Strategic entry deterrence : does it constitute a misuse of market power?
Corones, Stephen G. (2014) Strategic entry deterrence : does it constitute a misuse of market power? Australian Business Law Review, 42(3), pp. 234-244.
A challenge for regulators and the courts has been establishing the boundary between behaviour is exclusionary and should be condemned under s 46 of the then Trade Practices Act 1974 (Cth) (TPA), now s 46 of the Competition and Consumer Act 2010 (Cth) (CCA), and behaviour that is not exclusionary and might even be pro-competitive. This boundary can be especially difficult to draw in the case of entry deterring strategies. Section 46(1) prohibits corporations with a substantial degree of market power from taking advantage of that market power for one of the statutorily proscribed purposes which include preventing the entry of a person into that or any other market. Section 45(2) separately prohibits corporations from making and giving effect to contracts arrangements and understandings that have the purpose, effect or likely effect of substantially lessening competition in a market.
The latest case in which the ACCC has failed to satisfy the s 46 criteria is the decision of Greenwood J in ACCC v Cement Australia Pty Ltd  FCA 909 (Cement Australia case). Final orders were published in a separate judgment, in ACCC v Cement Australia Pty Ltd  FCA 148 (28 February 2014). The case concerned an entry deterring strategy, namely the pre-emptive buying of input factors in an upstream market to protect an incumbent with substantial market power in a downstream market and to prevent new entry in the downstream market. Greenwood J found that while Cement Australia Pty Ltd, formerly known as Queensland Cement Ltd (QCL), had substantial market power, its conduct in entering into the pre-emptive contracts was not a contravention of s 46, because Cement Australia had not “taken advantage” of its market power. However, since Cement Australia’s purpose in entering into the pre-emptive contracts was anti-competitive, they were held to contravene s 45(2) of the TPA.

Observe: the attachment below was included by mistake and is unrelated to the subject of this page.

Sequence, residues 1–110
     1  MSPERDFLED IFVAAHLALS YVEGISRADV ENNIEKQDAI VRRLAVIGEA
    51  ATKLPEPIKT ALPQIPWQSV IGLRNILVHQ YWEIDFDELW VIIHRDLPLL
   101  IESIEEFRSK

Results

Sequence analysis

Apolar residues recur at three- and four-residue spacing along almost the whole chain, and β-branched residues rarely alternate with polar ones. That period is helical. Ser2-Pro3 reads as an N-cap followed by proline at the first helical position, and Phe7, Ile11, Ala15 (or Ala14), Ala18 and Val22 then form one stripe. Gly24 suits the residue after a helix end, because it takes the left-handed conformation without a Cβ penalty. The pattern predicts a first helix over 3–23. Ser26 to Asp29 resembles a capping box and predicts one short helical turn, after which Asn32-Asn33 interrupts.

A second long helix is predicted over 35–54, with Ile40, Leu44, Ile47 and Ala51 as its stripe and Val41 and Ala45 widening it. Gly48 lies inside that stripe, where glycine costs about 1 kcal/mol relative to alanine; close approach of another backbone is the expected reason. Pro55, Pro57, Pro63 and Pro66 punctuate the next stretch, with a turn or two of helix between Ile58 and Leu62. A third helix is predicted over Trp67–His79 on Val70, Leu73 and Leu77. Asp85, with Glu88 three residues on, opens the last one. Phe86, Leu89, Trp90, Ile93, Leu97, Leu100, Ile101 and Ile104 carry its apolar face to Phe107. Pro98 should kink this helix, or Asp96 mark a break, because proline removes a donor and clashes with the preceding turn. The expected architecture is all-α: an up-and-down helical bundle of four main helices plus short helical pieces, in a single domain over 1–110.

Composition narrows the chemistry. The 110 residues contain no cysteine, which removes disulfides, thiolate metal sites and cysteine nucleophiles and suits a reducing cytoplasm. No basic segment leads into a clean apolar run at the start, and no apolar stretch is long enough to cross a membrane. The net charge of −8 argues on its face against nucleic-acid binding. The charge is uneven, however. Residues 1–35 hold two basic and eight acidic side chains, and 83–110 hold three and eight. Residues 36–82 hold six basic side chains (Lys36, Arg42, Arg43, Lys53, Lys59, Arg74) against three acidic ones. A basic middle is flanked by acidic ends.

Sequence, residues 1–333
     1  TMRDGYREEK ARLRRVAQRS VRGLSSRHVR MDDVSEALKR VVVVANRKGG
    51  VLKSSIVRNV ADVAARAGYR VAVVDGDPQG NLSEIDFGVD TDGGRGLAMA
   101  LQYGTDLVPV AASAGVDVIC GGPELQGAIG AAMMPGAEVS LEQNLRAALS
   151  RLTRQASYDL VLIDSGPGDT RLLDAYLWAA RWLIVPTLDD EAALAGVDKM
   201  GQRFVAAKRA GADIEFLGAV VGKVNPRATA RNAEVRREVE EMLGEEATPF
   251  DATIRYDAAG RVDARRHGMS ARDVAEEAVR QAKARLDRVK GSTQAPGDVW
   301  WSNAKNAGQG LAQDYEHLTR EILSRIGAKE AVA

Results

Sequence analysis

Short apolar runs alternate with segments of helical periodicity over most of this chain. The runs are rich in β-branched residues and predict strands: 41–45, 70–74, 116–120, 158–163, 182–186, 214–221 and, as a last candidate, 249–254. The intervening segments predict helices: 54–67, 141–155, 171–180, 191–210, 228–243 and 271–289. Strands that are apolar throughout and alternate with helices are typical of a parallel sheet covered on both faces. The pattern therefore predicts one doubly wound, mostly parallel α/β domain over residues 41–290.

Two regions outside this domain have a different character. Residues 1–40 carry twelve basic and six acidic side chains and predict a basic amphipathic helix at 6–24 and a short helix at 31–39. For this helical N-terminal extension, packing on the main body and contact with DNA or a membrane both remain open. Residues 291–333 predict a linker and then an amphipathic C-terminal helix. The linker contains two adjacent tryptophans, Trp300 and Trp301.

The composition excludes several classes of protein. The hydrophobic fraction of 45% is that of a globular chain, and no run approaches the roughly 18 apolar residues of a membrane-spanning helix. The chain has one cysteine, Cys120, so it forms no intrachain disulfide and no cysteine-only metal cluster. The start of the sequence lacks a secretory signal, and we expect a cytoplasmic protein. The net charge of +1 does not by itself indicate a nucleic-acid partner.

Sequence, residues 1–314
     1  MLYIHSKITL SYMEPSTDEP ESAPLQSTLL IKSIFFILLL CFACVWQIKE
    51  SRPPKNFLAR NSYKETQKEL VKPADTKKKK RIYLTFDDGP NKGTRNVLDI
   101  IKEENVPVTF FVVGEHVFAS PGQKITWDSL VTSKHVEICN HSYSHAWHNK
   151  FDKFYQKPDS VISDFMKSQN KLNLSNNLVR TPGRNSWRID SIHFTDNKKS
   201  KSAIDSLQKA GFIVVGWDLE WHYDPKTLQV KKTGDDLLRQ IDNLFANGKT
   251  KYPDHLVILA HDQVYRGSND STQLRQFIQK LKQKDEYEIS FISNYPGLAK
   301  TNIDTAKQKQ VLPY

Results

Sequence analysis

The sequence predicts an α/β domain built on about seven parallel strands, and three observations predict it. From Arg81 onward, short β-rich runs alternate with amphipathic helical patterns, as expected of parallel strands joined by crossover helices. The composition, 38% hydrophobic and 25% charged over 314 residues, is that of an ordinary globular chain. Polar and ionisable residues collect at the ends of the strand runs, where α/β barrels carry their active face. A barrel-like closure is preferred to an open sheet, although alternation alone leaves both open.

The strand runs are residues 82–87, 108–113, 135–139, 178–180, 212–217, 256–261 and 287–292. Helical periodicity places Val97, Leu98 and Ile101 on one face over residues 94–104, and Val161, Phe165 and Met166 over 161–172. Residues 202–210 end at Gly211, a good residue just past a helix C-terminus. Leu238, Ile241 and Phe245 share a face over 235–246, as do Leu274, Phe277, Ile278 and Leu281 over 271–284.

The purpose of this Note is to consider only the reasons for judgment in the Cement Australia case in relation to the “taking advantage” element. The judgment was handed down on 10 September 2013. The final hearing date was 15 July 2011, so it was long-awaited. At 714 pages, it is carefully drafted.
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|Item Type:||Journal Article|
|Keywords:||Entry deterring strategies, Contract law, Competition law|
|Subjects:||Australian and New Zealand Standard Research Classification > LAW AND LEGAL STUDIES (180000) > LAW (180100) > Commercial and Contract Law (180105)|
|Divisions:||Current > Research Centres > Commercial & Property Law Research Centre
Current > QUT Faculties and Divisions > Faculty of Law
Current > Schools > School of Law
|Copyright Owner:||Copyright 2014 Thomson Reuters (Professional) Australia Limited|
|Deposited On:||29 Jul 2014 00:33|
|Last Modified:||02 Aug 2014 17:39|
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